The Nobel Peace laureate invites diplomats to visit Rakhine villages
Myanmar leader Aung San Suu Kyi on Tuesday defended her country against international criticism over an exodus of hundreds of thousands of Rohingya Muslims by saying that most of their villages remain intact, and that it’s important to understand why conflict did not break out everywhere.
The Nobel Peace laureate’s global image has been damaged by violence since Rohingya insurgents attacked security forces on Aug. 25. More than 400,000 Rohingya have fled their villages, many of which have been burned. The government has blamed the Rohingya themselves, but members of the persecuted minority have said soldiers and Buddhist mobs attacked them.
Ms. Suu Kyi told foreign diplomats gathered in Naypyitaw that “more than half” of Rohingya villages were not affected by violence. She invited the diplomats to visit those villages so they could learn along with the government “why are they not at each other’s throats in these particular areas.”
Ms. Suu Kyi, in her first address to the nation since the Rohingya crisis, said she “feels deeply” for the suffering of “all people” caught up in conflict scorching through Rakhine State. “We are concerned to hear the number of Muslims fleeing areas to Bangladesh,” she added, condemning any “human rights violations” that may have exacerbated the crisis.In the 30-minute televised speech, she reached out to her critics, deploying the soaring rhetoric that once made her a darling of the global rights community.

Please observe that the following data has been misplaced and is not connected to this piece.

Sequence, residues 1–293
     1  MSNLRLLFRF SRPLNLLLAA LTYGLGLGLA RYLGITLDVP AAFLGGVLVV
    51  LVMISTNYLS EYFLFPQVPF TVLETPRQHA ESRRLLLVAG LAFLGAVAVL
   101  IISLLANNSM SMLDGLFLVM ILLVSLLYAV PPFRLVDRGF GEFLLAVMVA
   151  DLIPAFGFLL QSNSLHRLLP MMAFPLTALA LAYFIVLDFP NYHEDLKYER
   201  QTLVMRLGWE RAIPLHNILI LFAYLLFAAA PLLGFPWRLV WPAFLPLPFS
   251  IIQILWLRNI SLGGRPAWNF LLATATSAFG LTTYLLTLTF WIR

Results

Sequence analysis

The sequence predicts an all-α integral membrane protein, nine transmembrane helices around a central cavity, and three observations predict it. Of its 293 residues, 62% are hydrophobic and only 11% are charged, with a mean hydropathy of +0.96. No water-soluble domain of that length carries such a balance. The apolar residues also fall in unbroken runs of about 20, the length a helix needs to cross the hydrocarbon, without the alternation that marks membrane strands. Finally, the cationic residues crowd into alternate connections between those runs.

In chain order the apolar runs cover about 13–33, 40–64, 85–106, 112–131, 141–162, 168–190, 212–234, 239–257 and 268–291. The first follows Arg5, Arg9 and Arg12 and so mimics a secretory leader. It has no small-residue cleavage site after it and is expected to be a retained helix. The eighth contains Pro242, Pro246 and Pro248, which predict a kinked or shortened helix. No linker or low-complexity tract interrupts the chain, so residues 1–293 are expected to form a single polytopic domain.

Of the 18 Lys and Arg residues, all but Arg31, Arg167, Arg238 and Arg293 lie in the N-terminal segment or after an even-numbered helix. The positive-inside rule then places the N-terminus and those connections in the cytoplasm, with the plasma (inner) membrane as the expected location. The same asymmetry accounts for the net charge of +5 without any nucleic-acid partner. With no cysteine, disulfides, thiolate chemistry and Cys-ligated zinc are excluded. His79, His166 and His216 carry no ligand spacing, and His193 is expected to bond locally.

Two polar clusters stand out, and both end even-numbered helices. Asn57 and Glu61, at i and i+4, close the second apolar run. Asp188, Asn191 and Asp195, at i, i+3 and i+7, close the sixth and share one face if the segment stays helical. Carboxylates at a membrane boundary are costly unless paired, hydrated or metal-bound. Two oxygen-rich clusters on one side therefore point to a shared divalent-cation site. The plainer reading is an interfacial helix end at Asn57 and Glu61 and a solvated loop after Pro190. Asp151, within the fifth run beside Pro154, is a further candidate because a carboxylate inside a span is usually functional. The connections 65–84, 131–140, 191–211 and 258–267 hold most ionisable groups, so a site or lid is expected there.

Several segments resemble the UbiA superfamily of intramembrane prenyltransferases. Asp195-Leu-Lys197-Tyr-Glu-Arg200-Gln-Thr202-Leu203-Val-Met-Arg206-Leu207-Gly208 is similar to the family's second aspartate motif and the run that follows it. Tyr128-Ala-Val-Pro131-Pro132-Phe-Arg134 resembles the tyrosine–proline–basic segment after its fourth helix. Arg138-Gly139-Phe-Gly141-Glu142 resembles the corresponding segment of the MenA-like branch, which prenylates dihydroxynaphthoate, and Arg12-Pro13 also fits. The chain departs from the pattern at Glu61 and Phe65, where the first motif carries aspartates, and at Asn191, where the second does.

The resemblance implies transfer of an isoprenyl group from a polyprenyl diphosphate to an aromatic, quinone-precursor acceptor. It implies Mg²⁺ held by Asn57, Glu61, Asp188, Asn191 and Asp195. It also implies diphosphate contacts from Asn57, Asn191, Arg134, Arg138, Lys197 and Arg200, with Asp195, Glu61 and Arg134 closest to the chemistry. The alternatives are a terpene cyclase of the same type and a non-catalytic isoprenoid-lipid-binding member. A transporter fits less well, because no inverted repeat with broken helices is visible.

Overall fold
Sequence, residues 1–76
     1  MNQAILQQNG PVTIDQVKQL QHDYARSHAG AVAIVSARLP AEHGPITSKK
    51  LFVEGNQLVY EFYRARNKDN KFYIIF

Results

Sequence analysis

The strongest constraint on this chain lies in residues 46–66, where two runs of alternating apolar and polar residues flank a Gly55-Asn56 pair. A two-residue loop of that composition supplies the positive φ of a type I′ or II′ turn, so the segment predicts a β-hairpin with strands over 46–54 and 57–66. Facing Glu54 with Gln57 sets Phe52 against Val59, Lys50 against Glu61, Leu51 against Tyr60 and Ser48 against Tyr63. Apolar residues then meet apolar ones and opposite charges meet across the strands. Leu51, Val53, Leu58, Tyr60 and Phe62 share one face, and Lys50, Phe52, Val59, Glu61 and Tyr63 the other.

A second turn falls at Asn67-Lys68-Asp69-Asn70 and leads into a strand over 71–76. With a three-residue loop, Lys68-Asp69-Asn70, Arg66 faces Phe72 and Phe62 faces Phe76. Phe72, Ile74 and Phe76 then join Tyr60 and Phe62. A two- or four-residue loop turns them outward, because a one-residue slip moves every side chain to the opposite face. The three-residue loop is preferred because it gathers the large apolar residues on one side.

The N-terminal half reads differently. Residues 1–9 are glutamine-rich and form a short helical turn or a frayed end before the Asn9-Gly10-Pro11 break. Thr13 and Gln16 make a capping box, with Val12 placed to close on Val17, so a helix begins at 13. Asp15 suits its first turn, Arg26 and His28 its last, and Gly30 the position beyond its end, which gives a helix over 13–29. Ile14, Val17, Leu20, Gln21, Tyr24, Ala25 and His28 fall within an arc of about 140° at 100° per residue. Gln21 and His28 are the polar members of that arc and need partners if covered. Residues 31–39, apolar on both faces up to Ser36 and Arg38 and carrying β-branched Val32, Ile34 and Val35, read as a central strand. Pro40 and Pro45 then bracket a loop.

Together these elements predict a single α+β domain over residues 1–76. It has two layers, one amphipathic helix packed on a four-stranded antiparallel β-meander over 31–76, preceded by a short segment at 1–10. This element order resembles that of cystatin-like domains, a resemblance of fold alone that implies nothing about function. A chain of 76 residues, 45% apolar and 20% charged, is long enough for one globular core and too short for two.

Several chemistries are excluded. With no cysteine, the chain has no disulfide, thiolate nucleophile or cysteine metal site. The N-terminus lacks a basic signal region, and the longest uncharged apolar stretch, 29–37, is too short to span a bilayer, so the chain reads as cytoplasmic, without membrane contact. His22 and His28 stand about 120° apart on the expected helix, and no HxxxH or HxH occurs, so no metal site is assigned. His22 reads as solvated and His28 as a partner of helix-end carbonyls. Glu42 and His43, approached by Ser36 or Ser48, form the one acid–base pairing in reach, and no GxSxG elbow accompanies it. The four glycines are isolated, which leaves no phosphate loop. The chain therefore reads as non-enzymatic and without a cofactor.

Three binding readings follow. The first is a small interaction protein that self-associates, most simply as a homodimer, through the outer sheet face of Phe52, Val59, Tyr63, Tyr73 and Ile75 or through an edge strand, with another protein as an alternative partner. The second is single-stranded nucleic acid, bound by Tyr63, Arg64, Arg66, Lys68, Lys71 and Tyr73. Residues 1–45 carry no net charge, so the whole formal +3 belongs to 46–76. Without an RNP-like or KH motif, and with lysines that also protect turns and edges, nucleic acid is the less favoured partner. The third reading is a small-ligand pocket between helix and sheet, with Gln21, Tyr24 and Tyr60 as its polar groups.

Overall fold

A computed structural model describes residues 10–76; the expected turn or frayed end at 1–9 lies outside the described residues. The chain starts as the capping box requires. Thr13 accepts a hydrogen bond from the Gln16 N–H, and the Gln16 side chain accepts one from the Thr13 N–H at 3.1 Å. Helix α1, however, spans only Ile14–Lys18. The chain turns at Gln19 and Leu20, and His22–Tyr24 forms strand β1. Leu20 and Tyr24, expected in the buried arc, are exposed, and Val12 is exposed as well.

“Hate and fear are the main scourges of our world,” she said, adding, “We don’t want Myanmar to be a nation divided by religious beliefs or ethnicity… we all have the right to our diverse identities.”Ms. Suu Kyi said that Myanmar stood ready “at any time” to verify the status of the 410,000 Rohingya who have fled violence in the last month to aid the return of those eligible for resettlement.